Corey Hart quickly followed the success of his 1984 debut album, First Offense, and its blockbuster single, "Sunglasses at Night," with Boy in the Box in 1985. If First Offense used new wave synths as flair for Hart's rock-oriented mainstream pop, Boy in the Box is a thoroughly modern album, at least according to the standards of 1985. Most of the rhythms are synthesized, all the arrangements are built on keyboards, the guitars are processed so they're clean, brittle, and echoey, all adding up to an album that pretty much defines the sound of mainstream contemporary pop in 1985. Although none of the songs here have the sleek ominous undertow of "Sunglasses at Night," as an album Boy in the Box is more distinctive than First Offense, building on the vibe of "Sunglasses at Night" often to strong results. Hart spends a lot of time brooding on this album, cultivating the sullen loner vibe that "Sunglasses" captured so well; even the lively title track has a touch of emotional claustrophobia running beneath it. But it's isn't just introspection here -- Hart tackles Communism on "Komrade Kiev," and the album's hit, "Never Surrender," is a soaring power ballad of empowerment, giving this album a greater musical and emotional range than his debut. If Boy in the Box still sounds tied to its time, so be it -- most albums can't help but reflect the times that made them. But among mainstream new wave-influenced pop/rock albums from 1985, this is one of the more intriguing ones.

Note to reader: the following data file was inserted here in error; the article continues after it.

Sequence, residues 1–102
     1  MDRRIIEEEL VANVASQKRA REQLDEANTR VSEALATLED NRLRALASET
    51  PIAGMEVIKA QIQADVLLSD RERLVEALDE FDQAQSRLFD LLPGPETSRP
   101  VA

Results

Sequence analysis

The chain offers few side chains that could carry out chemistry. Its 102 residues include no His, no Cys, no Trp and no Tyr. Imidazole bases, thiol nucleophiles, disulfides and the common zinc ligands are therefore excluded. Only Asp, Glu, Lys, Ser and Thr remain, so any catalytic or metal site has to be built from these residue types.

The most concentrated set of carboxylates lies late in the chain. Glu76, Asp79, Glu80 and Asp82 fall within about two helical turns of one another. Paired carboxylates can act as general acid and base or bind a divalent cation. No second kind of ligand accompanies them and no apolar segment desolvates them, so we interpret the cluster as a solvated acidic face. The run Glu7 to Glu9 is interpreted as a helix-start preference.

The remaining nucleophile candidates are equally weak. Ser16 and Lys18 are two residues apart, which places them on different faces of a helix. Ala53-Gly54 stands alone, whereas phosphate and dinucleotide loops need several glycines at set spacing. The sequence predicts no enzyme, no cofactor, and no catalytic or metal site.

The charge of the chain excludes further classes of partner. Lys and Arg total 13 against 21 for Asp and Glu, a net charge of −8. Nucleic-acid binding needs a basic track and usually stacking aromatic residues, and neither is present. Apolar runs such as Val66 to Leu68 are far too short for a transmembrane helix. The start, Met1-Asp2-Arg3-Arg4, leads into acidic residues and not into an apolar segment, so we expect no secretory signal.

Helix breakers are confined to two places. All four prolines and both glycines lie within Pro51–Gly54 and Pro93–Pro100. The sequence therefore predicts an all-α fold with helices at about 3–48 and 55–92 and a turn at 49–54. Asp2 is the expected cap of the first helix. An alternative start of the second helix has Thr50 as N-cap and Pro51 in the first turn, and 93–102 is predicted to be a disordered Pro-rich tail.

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AllMusic Review by Stephen Thomas Erlewine